As I discussed in my previous post, the only way a company can achieve success in the long-term is to implement an efficient IT Security Management framework.
Once your IT Security Management Framework (which has been modeled on an established and industry accepted standard, such as CoBIT, COSO, ITIL, and/or ISO standards) has been implemented, you need to think about the everyday application of your security practices. This is most effectively done via the use of Operational Security Management.
Let’s define this concept:
- Operational IT Security
Management is the regular testing of the implemented IT Security Processes to ensure that IT Systems meet security requirements. These requirements must be aligned with the business requirements and they have to follow an adequate risk management approach. This includes gap analysis/closure that follows the IT Risk & Security lifecycle model. Compliance must be assured for each and every system within the system landscape. From our side we developed and established a Lifecycle that helped us in implementing a solid Operational IT Security Management and it looks like this:
In this picture, you can see how the steps of Operational IT Security Management work:
The first step is to inventory all systems operated and maintained by your organization. System changes need to be updated in the IT Inventory immediately and a full IT Inventory review must be performed at least once a year – I would recommend more. Once performed, all new systems must be assigned to a system category according to the criticality of the data / information stored / processed within the system. The business owner, together with the IT system owner has to define the required level of protection regarding:
- Availability and backup requirements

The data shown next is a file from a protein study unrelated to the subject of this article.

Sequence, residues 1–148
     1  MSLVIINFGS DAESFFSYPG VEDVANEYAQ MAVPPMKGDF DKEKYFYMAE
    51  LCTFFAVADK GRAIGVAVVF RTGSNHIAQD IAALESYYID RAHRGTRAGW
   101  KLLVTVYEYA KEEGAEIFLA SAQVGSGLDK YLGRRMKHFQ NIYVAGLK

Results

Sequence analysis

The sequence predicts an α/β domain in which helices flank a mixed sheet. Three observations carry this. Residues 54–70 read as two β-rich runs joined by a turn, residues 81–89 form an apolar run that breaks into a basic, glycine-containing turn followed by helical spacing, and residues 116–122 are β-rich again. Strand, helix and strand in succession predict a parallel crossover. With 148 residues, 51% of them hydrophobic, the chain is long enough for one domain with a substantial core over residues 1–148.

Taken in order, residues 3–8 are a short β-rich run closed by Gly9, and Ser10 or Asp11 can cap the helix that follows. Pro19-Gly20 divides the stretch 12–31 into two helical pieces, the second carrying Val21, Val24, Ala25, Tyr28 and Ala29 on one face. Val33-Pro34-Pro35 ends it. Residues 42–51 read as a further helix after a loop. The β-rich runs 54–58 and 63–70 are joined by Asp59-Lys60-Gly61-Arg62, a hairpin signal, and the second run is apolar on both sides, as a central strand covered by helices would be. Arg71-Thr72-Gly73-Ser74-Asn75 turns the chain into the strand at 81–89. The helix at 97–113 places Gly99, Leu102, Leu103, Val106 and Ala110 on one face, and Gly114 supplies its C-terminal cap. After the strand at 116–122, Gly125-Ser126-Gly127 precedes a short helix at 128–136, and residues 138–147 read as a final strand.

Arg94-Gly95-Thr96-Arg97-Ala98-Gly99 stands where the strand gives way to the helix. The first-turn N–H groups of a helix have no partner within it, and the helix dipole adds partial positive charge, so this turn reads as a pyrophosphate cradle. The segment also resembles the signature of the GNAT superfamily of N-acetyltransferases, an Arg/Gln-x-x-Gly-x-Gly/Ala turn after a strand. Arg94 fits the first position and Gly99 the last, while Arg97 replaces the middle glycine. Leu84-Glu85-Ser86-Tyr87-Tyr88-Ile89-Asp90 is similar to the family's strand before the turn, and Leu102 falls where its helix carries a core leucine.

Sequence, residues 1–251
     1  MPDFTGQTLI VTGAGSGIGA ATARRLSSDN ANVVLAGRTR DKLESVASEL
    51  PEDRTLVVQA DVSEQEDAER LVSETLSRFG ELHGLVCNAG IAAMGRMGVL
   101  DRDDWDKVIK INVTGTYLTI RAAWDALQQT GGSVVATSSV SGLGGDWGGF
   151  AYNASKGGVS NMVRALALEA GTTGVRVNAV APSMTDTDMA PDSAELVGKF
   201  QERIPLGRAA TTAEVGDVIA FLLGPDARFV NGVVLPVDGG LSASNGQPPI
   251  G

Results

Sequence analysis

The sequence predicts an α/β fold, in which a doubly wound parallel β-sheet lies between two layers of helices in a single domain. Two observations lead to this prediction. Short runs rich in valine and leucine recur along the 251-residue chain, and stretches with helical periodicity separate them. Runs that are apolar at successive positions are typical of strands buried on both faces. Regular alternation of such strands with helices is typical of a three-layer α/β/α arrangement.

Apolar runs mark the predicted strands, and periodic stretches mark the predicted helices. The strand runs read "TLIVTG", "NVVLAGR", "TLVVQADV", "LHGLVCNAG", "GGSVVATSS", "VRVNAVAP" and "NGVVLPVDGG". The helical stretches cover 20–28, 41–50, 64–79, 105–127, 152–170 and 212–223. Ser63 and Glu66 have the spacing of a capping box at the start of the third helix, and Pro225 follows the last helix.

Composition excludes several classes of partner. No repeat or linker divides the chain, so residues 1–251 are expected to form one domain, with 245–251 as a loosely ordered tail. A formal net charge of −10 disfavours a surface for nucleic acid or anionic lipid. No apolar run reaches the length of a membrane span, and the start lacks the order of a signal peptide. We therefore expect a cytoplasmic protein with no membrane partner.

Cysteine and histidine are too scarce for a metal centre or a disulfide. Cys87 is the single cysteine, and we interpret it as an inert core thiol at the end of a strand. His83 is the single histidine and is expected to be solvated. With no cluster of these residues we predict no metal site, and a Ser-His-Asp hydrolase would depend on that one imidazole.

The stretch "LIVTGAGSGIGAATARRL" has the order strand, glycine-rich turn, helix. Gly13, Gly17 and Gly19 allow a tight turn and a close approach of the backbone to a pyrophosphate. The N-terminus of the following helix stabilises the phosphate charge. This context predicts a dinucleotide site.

- Disaster recovery requirements: Business impact and maximum allowed down-time
Classification is a requirement for each IT system – this is determined via the classification of the information which is stored or managed within the IT system. The chosen IT security measures (based on the system classification) must be aligned with the business requirements. This includes mapping to the relevant assets / systems and including a corresponding risk. The operational risk resulting from the final classification, as well as the relevant mapping to mitigating controls, must be evaluated.
Now comes the critical part – Gap Analysis and Risk Assessment. It is extremely important to take a long, hard look at the currently implemented security measurements and then check those against the current security requirements. Identified gaps must be documented and presented to the corresponding LoB Management. Once they have had the opportunity to review this information, they must provide mitigation suggestions that should result in Security related projects or accept the risk as it exists.
Finally, once all of this has been done, you have to come up with an implementation plan to cover the missing/inadequate security measures that you have uncovered. This is done according to the criticality of the related risks to be mitigated. A time frame for this implementation must be agreed upon and executed within that time frame to assure that all your bases are covered.
Last but not least you have to ensure via an effective monitoring approach that the implemented IT Security measures are working appropriate and efficient so that the related risk is really mitigated in the way you wanted.
In my next post, I will go over another element of Security Management: Tactical IT Security Management.
Until next time!